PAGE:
Berlusconi strikes conciliatory tone on Lampedusa incident

Italian premier Silvio Berlusconi says Malta was right over rescue of migrants near Lampedusa.

Italian Prime Minister Silvio Berlusconi has proved the Armed Forces of Malta right on the incident concerning migrants rescued off Lampedusa last week, publicly rubbishing his own interior minister Roberto Maroni’s assertions that “Malta did not respond” to a distress call by migrants in difficulty.

Berlusconi – who was visiting the island of Lampedusa last Saturday – was asked by an Italian journalist to comment on “Malta’s unwillingness” to rescue migrants at sea.

The journalist was referring to Thursday’s incident just 30 kilometres away from Lampedusa, when some 200 migrants drowned after their boat capsized when Italian coast guard boats approached them.

“Malta has limited capabilities, but it made more sense for us to [Italy] to respond to the rescue rather than Malta which was far more distant to where the distressed migrants were,” Berlusconi said.

Maroni has repeatedly criticised Malta on the incident for not dispatching rescue boats when the migrants called for help via satellite phones.

Berlusconi’s statement was not reported on Italian media but was noted by many Maltese who followed the live broadcast of Berlusconi’s question and answer session with journalists on Italy’s national station, RAI.

Minister Maroni is a prominent politician from the Northern League party, which is part of Berlusconi’s coalition government, and faces crucial regional elections in the coming weeks.

The Northern League is desperate to hold on to Northern Italian regions to keep its influence on Berlusconi’s government.

The statement triggered the ire by the Maltese government through Home Affairs Minister Carm Mifsud Bonnici, who produced evidence on how the Maltese immediately responded to the distress call by referring the emergency to the Italian coast guard, given that the migrants were a mere 90 minutes away from Lampedusa and eight hours from Malta.

He also reiterated that the migrants’ boat had capsized when the Italian coast guard boats had reach them.

The Italian Prime Minister’s comments were made a few hours before another incident developed between Malta and Italy over rescued migrants at sea.

While the AFM was actively involved in the search and rescue for the lost migrants of last Thursday’s incident, the Italian coast guard informed the Maltese patrol boat on another boat that was close by.

The Maltese picked up 170 migrants from a sinking boat but were repeatedly refused entry into Lampedusa. The migrants were subsequently brought to Malta.

This incident triggered both Prime Minister Lawrence Gonzi and Foreign Minister Tonio Borg to react and condemn Italy’s attitude towards Malta and accused Italy of being in breach of “humanitarian obligations,” while also insisting that “if Lampedusa is not safe, then Italy is not safe.”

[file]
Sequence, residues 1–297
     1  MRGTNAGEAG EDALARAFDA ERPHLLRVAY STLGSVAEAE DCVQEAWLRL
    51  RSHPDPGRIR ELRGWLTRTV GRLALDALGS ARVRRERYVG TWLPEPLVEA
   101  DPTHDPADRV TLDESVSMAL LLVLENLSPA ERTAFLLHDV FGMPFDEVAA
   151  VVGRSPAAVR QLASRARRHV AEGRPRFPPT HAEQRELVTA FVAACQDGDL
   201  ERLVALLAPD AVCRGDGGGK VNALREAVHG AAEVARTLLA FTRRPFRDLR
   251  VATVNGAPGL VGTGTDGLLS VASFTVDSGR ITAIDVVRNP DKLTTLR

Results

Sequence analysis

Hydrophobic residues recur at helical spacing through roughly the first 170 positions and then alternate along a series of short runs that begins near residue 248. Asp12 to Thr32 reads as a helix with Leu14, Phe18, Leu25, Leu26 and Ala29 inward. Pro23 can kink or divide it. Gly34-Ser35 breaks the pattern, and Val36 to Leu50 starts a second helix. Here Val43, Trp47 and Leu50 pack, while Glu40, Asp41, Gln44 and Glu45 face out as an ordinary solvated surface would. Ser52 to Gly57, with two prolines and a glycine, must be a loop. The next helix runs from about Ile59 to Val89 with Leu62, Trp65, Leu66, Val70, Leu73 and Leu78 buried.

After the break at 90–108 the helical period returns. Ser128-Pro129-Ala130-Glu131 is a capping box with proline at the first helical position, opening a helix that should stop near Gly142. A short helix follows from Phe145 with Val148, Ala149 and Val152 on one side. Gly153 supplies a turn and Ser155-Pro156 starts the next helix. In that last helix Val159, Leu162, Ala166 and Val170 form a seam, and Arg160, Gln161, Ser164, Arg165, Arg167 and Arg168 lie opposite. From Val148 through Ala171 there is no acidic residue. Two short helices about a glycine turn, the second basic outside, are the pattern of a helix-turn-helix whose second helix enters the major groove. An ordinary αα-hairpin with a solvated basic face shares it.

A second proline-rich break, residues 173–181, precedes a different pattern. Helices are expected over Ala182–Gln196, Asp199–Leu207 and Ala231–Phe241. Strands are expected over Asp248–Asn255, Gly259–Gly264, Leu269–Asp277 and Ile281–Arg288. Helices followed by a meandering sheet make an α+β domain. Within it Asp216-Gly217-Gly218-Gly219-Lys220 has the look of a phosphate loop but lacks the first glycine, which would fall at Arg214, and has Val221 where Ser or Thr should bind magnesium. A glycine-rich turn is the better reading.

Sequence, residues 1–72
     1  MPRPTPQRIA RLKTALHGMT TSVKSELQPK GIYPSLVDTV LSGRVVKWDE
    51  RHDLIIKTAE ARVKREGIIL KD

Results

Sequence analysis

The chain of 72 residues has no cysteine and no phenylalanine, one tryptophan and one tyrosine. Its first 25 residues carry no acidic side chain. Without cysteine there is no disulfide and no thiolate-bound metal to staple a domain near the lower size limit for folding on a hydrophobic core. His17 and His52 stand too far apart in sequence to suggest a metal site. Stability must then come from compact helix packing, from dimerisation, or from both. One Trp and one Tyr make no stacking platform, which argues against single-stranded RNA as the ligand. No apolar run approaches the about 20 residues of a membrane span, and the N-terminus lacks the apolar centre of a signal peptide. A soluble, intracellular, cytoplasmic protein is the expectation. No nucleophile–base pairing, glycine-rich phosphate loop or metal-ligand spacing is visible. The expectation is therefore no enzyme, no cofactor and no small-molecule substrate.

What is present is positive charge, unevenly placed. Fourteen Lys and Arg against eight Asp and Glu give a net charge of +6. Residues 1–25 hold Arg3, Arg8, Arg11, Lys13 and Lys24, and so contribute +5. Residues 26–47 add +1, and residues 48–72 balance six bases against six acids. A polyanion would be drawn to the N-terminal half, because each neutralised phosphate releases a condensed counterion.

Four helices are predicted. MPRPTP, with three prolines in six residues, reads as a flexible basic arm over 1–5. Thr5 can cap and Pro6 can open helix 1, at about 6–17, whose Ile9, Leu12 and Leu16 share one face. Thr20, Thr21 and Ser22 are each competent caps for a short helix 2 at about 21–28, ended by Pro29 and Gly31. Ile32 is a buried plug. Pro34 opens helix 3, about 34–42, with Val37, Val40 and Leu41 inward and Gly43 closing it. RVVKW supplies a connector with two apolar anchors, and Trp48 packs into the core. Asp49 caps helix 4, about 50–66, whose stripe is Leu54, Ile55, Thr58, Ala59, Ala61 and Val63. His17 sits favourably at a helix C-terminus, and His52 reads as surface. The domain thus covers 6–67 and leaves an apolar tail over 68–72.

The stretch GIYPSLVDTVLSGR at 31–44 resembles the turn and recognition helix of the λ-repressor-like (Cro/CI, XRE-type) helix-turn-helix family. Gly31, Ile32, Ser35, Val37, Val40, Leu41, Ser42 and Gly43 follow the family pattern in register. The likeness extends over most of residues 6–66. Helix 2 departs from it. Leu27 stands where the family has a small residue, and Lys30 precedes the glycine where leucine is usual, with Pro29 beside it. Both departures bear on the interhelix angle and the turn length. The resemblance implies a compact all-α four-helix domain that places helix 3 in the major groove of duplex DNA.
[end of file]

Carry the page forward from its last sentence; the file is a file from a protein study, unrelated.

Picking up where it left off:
But as Malta and Italy bicker over legal interpretations, more migrants continued to land on both Malta and Lampedusa.

Yesterday morning, another group of 116 persons fleeing the civil war in Libya were rescued by two Armed Forces of Malta (AFM) patrol vessels.

The rescue mission was made during the course of the night, when  their boat was adrift in a position 45 nautical miles (NM) south-west of Malta, and 47 NM East of Lampedusa.

The 50-foot wooden boat, laden with Chadian and Somali migrants, was drifting aimlessly after stopping without fuel and with an engine fault. The body of a dead 29-year-old migrant woman was also recovered.

Meanwhile, Malta is bracing itself for the imminent exodus of fleeing Libyans from war in the war-torn North-African country.

Intelligence reports circulated to all EU member states, suggests that thousands of Libyans are on the move and pressing on the Tunisian borders, while others are fleeing to the coastal areas in a bid to set sail towards Europe, with Malta and Italy being in their immediate sight.

The situation in the Libyan Tunisian Border is shifting in an unprecedented way. The small border town of Dhehiba, about 300 miles south of Ras Jedir, witnessed the arrival of about 300 Libyan families over the last two days.

The UN refugee agency reports that more than 500 Libyans, mostly ethnic Berbers, have fled their homes in Libya’s Western Mountains and sought shelter in the Dehiba area of south-east Tunisia over the past week.

“They have told us that mounting pressure on the cities of the Western Mountains by government forces, lack of basic medical supplies and shortages of food prompted their departure,” UNHCR spokesman Andrej Mahecic told journalists in Geneva.

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Well, Sig. Berlusconi is said to have striked a conciliatory tone on the Lampedusa incident. But what is he going to do about it? Is he going to take them to Italy?Only this will make justice to Malta. I can remember a similar situation,but the other way round,when Italy sent back to Malta a number of irregular immigrants that were rescued in our territorial waters. What Mr.Par Idejn Sodi is going to do about it?